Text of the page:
| Fantasy Violence, Language
| The Good
Nice mix of real-time enemies and active turn-based
Crafting is both easy and necessary
| The Bad
Graphics could be flashier
Story is a bit stale and by-the-numbers
Blade Dancer is another RPG brought out by NIS America
for the PSP, developed by Hit Maker for SCE. This RPG offers
up an early PS2-quality polygon-based experience featuring
real-time enemies, active turn-based combat and a crafting
system that both easy and necessary. On top of that, there
is an interesting four player ad-hoc mode.
The game begins with the young hero Lance sailing to the
island of Foo, where he looks to test his blade. It's not
long before you realize that Lance with do anything for some
adventure (he's really needy when it comes to "testing himself").
Fortunately, the place is lousy with monsters and people too
incompetent to do things for themselves. Of course, there's
a story about a utopian-like society that was ruined by dark
powers until the legendary Blade Dancer arrived. As these
stories go, Lance appears to share a similar tattoo and the
story plays out, telling his tale of self discovery. The story
plays out with a fair bit of script, fleshing out the characters
without filling them out too deeply. For purists, the vocal
tracks include both English and Japanese.
In towns, you can talk to people to get some flavor of the
game world. Some will have missions you can complete outside
of the main story's mission path. Towns have stores where
you can purchase items, weapons, equipment, appraise items
you have and even a crafting guild. As you move around, you
can select targets to interact with the Square Button and
interact with them using the X Button.
Outside of town, you'll find floating skulls that represent
enemies. Depending on the color of the skull, the enemies
can be easier, on par with you or just harder. Each of these
skulls tends to have a set pattern and can respawn after a
limited amount of time. Because of this you have to be careful
if you want to sneak through an area without getting attacked.
Since everything is in real time on the field, you have to
find a safe place to access the pause menu to equip your allies,
craft or tend to your team formations.
Once you enter combat, actions play out in a active turn-based
fair, not unlike Final Fantasy. Players each get a
turn that can be activated when their gauge fills. Enemies
also takes turns as their gauges fill. When a character has
their turn, you can choose to attack, use Luna, items, run
away or equip (which is helpful if your weapon breaks). One
of the more unique features is that both enemies and allies
share a single Luna pool, which is charged through attacks.
Because this is shared, players have to hope to use it before
the enemy does. If they start charging attacks, you might
want to attack them to interrupt it, or else, they'll steal
the Luna you worked to build up.
Probably the best thing about Blade Dancer is the
Crafting system. While adding Item Creation or Crafting has
certainly seemed like the in thing as of late (Star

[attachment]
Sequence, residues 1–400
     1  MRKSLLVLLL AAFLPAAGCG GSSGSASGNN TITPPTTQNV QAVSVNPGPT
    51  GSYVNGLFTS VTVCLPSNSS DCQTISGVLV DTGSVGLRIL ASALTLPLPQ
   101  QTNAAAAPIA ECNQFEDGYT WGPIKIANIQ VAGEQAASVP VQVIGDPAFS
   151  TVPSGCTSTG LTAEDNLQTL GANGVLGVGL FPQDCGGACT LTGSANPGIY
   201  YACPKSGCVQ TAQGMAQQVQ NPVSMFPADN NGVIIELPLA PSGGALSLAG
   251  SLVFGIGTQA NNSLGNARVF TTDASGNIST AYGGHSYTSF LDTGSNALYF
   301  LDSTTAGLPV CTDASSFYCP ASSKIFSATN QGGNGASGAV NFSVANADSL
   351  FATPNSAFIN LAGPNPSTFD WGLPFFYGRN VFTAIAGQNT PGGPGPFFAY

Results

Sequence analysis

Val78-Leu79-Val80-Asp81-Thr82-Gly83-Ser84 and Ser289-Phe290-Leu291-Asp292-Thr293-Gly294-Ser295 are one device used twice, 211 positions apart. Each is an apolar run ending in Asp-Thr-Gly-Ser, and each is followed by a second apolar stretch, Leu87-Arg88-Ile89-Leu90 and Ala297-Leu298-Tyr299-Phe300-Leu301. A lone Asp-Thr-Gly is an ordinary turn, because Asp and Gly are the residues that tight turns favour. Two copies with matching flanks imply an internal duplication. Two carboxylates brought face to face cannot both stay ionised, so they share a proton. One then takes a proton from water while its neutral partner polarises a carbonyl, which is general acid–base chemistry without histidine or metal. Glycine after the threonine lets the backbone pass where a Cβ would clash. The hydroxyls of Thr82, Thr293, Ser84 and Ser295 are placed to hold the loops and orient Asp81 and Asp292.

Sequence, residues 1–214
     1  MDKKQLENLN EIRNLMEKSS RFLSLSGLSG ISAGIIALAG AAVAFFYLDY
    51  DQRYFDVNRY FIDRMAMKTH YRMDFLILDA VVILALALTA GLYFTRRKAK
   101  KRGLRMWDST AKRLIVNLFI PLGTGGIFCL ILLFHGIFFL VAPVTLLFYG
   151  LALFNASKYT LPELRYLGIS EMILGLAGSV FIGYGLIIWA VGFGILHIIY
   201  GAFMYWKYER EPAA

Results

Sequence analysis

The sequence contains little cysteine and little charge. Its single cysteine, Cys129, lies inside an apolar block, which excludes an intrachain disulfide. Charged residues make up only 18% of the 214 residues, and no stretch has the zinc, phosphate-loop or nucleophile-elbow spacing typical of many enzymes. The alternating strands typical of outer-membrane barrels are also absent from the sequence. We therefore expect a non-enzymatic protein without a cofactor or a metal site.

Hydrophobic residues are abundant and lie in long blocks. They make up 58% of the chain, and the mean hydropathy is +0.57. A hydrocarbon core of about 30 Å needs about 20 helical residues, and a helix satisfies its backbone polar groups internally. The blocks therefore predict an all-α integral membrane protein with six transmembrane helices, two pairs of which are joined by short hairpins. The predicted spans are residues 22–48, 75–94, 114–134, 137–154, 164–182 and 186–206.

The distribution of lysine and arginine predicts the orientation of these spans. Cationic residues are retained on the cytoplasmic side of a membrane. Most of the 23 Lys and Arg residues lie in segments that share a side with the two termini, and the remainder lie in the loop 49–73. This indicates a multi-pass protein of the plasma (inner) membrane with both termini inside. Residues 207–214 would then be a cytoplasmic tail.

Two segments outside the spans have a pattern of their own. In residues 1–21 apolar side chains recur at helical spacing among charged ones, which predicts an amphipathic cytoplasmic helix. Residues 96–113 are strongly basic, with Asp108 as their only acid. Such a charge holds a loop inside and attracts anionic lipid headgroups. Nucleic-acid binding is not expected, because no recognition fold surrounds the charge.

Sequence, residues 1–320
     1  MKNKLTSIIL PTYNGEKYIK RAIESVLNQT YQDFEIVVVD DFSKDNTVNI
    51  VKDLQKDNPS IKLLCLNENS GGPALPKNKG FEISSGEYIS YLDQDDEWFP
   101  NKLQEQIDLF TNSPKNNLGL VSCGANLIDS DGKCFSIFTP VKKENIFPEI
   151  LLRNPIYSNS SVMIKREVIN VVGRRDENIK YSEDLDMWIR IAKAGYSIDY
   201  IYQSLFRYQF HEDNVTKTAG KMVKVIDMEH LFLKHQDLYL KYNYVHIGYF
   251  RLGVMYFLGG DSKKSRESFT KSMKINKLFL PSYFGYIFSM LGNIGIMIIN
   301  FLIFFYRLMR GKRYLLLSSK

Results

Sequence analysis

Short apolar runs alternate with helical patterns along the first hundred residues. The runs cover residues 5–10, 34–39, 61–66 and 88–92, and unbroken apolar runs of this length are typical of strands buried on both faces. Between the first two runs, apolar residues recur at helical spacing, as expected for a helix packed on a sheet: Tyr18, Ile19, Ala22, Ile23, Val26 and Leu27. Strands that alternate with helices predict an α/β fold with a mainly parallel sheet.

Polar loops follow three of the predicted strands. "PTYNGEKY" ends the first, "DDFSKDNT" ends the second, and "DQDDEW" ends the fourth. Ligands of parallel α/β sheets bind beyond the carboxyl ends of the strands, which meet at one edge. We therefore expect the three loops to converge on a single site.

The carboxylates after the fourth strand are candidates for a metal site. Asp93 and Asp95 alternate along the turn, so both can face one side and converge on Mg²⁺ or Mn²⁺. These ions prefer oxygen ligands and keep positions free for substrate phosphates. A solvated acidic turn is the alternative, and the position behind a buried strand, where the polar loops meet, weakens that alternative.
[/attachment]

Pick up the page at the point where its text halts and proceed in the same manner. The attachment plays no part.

Ocean 3 and Atelier Iris
come to mind), what Blade Dancer has done is both easy
to get into, useful and quite necessary. As you buy or gain
items through your travels, you can create new items and weapons.
Some times you find recipes, other times you'll just need
to pay some gold to get an item analyzed so you can make it
on the field. Since your weapons deteriorate in combat, it's
to your benefit to keep pieces around to build new weapons.
Also to take into account is how each of your party members
is strong in one element, making them far more successful
at certain recipes.
Along with the main story is an additional ad-hoc multiplayer
mode where the player and up to three friends can work their
way through dungeons. This mode is a nice addition and can
add more life to the game once you've completed the main story.
Visually, Blade Dancer doesn't really do anything
spectacular, but it does provide a solid polygon-based world
that feels pretty well fleshed out, much like an early PS2
RPG squeezed onto the handheld. Because of this, the gameworld
is sizable without being overly detailed. That's not to say
that the details available aren't nice, because they are.
The character models are decent, though the standard NPCs
are a bit more boring than the essential players. Both ally
and enemy models look pretty good on the PSP screen, due largely
to the unique artistic style that helps define the cast of
characters. Overall, the polygon-based graphics are good,
but with some flashier effects, they would have stood out
The audio package is decent without standing out. Music is
fairly dramatic and sets a nice tone well in the heart of
the genre. Sound effects are decent and the voice acting is
okay. I've heard far better performances and purists will
probably want to switch to the Japanese track quickly. It's
not that the English VA is bad, it's just that it feels a
little stilted and stale.
If you like an average RPG tale with some fun combat and
great Crafting, Blade Dancer is worth your time. The
RPG genre isn't overly deep on the PSP and this title certainly
fills a hole for JRPG fans.